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Colonoscopy Risks For the Elderly

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    Colonoscopy Risks For Elderly

    The fourth leading cause of cancer and the second leading cause of cancer mortality in the United States is colorectal cancer. Your risk for developing colorectal cancer increases as you age. Consider the following statistics:

    • 42% of new cases of colorectal cancer are in patients over the age of 65
    • Women are at a higher risk at an older age with 27% of all cases diagnosed at the age of 80 or above
    • 40% of deaths due to colorectal cancer occur in women over the age of 80

    Colonoscopies, both screening and diagnostic, are often regularly performed in the very elderly because of this increased risk of developing and dying from colon cancer. 

    Yet, this age group is also at a high risk for developing serious complications before and during a colonoscopy due to the bowel preparation and invasive nature of the procedure itself. Because of this, physicians use a carefully weighed system when deciding if their older patients should undergo colon cancer screening. Doctors understand that the very elderly have a limited amount of years left in their life span and must weigh the risk of them developing cancer with the risk of complications from a colonoscopy.  

    If you are concerned about the risks of a colonoscopy complication for yourself or a loved one who is elderly, this article will help to inform you about complications that are unique to the elderly and address the possible dangers that involve a geriatric colonoscopy. 

    Colonoscopy Risks For The Elderly: A Detailed Statistical Breakdown

    The risks of complications from a colonoscopy definitively increase as you age:

    • In all patients, 3.4% suffer from a complication within 30 days of a colonoscopy
    • In patients over the age of 75, 6.8% will suffer a complications within 30 days
    • In patients between the ages of 80 and 84, there is a 75% higher risk of serious gastrointestinal complications than those of ages 66 to 69 years 
    • There is a 4-fold increased incidence of cardiovascular complications in patients over the age of 75 years as compared to younger individuals 
    • Patients older the age of 60 have an 80% higher risk of pulmonary and cardiovascular complications after a colonoscopy then those aged 50 to 59

    The American Cancer Society recommends that people at an average risk for colorectal cancer begin screening by at least 50 years of age and stop screening after the age of 75. One of the reasons this society recommends people to stop screening for colon cancer after the age of 75 is because of the increased risk for developing a serious complication before, during, and after the procedure. Individuals who are over the age of 75 have twice the risk of developing a complication when compared to people between the ages of 50 and 74.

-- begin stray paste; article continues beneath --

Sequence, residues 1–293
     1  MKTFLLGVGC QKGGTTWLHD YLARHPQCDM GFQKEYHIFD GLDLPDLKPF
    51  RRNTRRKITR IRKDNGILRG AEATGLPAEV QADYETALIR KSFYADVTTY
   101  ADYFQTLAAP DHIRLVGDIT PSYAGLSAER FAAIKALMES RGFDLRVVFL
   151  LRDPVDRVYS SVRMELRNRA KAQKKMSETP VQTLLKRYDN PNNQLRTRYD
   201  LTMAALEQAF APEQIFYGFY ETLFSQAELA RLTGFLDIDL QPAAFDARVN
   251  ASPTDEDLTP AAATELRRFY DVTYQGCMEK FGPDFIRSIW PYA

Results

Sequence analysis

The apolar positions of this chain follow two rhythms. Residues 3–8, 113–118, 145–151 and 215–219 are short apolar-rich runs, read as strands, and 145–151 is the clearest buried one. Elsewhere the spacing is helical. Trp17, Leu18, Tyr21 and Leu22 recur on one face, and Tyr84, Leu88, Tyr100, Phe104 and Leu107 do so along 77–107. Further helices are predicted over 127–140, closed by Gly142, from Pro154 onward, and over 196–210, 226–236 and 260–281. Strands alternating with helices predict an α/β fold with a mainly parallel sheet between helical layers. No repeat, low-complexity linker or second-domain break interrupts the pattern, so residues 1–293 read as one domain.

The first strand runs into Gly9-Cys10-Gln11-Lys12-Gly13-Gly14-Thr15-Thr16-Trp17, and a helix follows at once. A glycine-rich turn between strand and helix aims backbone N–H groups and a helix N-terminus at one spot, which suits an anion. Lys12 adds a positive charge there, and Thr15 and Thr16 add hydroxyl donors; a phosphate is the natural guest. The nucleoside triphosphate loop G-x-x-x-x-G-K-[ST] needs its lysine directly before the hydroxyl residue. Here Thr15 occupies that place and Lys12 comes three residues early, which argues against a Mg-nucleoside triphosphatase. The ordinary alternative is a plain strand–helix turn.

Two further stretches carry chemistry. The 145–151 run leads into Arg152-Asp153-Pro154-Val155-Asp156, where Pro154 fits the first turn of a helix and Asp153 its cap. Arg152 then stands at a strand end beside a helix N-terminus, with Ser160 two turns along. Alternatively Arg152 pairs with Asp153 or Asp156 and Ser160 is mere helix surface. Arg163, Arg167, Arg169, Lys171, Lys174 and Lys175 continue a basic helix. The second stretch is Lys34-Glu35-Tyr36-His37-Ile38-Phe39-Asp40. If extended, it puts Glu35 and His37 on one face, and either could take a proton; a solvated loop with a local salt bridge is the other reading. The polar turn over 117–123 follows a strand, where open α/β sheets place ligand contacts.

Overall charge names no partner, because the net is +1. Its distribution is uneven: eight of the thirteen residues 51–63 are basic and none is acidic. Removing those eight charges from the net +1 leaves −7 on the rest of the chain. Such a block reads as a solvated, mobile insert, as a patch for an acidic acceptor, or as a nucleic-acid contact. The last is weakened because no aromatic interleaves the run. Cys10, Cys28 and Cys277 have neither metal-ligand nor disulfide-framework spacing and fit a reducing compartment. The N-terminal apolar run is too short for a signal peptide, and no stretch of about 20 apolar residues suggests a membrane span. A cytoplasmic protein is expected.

Common complications that occur during or after a colonoscopy include: 

    • Allergic reaction. Allergic reactions to sedation are very rare, but do occur in patients during a colonoscopy. If an allergic reaction occurs during the colonoscopy the patient is treated immediately.
    • Bacterial infection. If the colonoscopy tools are not completely clean or disinfected they may harbor bacteria like E. coli that can be transmitted during a routine colonoscopy. Bacterial infections from these instruments are very rare due to strict sterilization practices of healthcare centers. However, elderly patients are at a higher risk for an infection because of their weakened immune systems.
    •  Cardiovascular event. Elderly patient will often have a history of cardiovascular disease and/or high blood pressure and are at a higher risk for cardiac complication during a colonoscopy. The loss of potassium from the bowel cleanse can cause heart-related issues such as atrial fibrillation or tachycardia (rapid heart rate). The sedation used during the procedure can also put extra pressure on the heart, especially in older patients and cause a heart attack, stroke, or slowed heart rate. 
    • GI bleed. Bleeding occurs during a colonoscopy in approximately 1 in every 1,000 patients. The bleed is typically treated immediately as it occurs during the procedure. Often the bleeding goes away naturally without any treatment intervention. 
    • Perforation. This occurs when a surgical  instrument punctures a thin section of the intestinal wall and causes a tear or hole in the lining. It can also occur if too much air is inserted into the colon during the procedure causing the abdomen to distend and stretch the lining into a tear. If a polyp is removed during a colonoscopy, there is an increased risk for getting a perforation. Elderly patients are at a high risk for a perforation because the colorectal lining thins with age.
    • Postpolypectomy electrocoagulation syndrome (PES). This complication occurs when a patient suffers an electrical burn to the intestinal lining caused by a removal of a polyp or polyps. It is known as an electrocoagulation burn and causes the lining of the intestines to become inflamed and causes a lesion. Symptoms of PES include abdominal pain, fever, and a rapid heart rate (tachycardia). 
    • Respiratory distress. Sedation that involves anesthesia can cause low oxygen levels, slowed breathing, and respiratory distress. For this reason, many nurses and anesthesiologists will give oxygen to patients during a colonoscopy.

    Colonoscopy Risks That Are Unique For Elderly Patients

    • Bowel preparation complications. Elderly patients are more prone to feeling nauseous, weakness, and vomiting during the intensive bowel cleansing required for a colonoscopy. Fainting is a serious issue in this age group because of the risk of breaking bones from a fall. Other complications of the cleansing is severe dehydration and electrolyte imbalance which can cause a cascade effect of problems, from heart arrhythmias and problems with kidney function.